Constitutional Court will not intervene on extra-marital and homosexual relationships
by Mathias Hariyadi

The request of an Islamic group was rejected by the Constitutional Court and the request in favor of the marriage between colleagues was accepted. The common practice requires one of the spouses to resign or relocation. Homosexual relationships, judged "illicit" by most of society, not a crime. The approval of human rights activists. 

Jakarta (AsiaNews) - The Mahkamah Konstitusi (Mk), or the Indonesian Constitutional Court, has rejected the proposal by a conservative group to criminalize extra-marital and homosexual relations. The court, on the other hand, accepts the legal action brought by eight citizens against the rule, contained in labor regulations, which prohibits marriage between colleagues.

In Indonesia, the common practice requires one of the spouses employed in the same building to resign and relocate to another office for the benefit of the company. "This kind of prohibition violates the fundamental human rights enshrined in the Indonesian Constitution of 1945," says MK president Judge Arief Hidayat.

Despite the increasing extremist pressures in the most populous Islamic country in the world, the decision by the Mk, approved with five votes in favor and four against, against the petition presented by the Family Love Alliance that wanted to make extra-marital affairs offense. Twelve members of the Islamic group, signatories of the request, have asked the Court to formulate a new penal code on extra-marital relationships (including homosexual relationships) to speed up the drafting of a law. Motivating the sentence, judge Saldi Irsa states: "The argument that the process of formulating the law takes a long time cannot be a reason for the Constitutional Court to interfere with the authority of the legislators".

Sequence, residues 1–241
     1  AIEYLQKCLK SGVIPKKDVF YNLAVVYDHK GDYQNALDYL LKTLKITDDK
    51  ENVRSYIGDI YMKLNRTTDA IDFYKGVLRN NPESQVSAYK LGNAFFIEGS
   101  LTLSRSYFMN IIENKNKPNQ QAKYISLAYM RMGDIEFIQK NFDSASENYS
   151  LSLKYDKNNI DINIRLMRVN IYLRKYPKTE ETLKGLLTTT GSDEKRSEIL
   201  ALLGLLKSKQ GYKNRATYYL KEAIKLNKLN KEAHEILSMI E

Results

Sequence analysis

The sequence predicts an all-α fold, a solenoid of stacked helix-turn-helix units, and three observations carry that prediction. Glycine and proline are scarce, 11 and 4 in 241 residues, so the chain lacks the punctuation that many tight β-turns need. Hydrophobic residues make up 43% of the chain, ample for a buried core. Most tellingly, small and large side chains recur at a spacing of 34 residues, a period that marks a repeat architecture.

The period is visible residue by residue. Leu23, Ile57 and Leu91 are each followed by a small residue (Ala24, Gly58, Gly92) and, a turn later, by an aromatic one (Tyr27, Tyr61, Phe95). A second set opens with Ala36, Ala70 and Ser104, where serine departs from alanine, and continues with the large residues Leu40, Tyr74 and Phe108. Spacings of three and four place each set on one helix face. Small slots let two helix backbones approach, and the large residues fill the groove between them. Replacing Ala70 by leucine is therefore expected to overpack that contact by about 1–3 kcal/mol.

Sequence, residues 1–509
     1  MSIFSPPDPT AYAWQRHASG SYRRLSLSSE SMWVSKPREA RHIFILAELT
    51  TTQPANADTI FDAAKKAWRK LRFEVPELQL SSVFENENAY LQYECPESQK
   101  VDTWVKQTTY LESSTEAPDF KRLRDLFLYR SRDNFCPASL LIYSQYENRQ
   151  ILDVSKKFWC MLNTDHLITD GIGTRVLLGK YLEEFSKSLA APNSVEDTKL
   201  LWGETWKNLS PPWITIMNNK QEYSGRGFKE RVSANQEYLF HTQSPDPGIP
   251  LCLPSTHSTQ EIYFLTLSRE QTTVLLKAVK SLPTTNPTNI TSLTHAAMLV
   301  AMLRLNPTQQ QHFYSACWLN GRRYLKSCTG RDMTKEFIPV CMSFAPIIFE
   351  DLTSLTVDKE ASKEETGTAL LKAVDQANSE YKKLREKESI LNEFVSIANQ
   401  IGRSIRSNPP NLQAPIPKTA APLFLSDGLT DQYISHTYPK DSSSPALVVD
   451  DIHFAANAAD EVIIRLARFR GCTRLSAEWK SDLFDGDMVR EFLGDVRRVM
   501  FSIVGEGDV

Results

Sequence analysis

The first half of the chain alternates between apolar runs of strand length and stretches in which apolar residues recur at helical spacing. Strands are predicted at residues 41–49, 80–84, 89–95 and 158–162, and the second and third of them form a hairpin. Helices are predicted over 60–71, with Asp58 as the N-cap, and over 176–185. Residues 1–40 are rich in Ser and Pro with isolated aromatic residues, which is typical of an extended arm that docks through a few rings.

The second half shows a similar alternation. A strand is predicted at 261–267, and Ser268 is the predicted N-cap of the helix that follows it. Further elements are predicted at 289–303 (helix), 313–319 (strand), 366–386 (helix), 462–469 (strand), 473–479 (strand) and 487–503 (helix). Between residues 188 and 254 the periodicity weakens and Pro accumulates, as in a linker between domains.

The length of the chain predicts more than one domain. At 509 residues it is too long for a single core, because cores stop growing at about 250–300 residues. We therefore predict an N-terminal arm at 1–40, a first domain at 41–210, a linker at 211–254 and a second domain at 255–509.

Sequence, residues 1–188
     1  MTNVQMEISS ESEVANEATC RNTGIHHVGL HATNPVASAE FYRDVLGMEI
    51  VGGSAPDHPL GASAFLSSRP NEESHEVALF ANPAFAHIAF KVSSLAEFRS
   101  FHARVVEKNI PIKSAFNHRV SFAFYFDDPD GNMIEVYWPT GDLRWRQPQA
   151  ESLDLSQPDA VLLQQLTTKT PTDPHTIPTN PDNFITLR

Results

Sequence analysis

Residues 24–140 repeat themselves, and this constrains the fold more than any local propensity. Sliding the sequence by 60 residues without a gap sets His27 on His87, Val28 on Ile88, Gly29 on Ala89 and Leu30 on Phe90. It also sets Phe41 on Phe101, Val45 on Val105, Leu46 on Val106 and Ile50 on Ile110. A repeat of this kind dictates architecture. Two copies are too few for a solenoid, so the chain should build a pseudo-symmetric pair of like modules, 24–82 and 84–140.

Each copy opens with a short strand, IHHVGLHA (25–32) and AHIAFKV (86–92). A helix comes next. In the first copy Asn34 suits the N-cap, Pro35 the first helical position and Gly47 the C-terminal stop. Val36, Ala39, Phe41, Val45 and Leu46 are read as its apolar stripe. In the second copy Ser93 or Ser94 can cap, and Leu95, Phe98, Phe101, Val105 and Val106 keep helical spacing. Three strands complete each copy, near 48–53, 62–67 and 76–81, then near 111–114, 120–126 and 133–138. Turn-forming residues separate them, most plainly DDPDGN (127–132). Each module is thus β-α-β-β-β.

Human rights activists express their approval for the MK decision, which ensures and protects the privacy of every citizen, including their sexual orientation. Sex, both homosexual and heterosexual, is illegal in Indonesia only if it involves a minor. However, the homosexual practice is judged "illicit" by most of the population and is a crime in the province of Aceh, on the island of Sumatra, where sharia is in force. For those guilty of this crime, there is a maximum penalty of 100 vergas. This year, two men who had sexual relations were seized by a group of vigilantes who broke into a local hostel. In May, police arrested a group of men who were organizing a party in two hotel rooms in Surabaya (East Java), Indonesia's second largest city. They are accused of violating the anti-pornography law.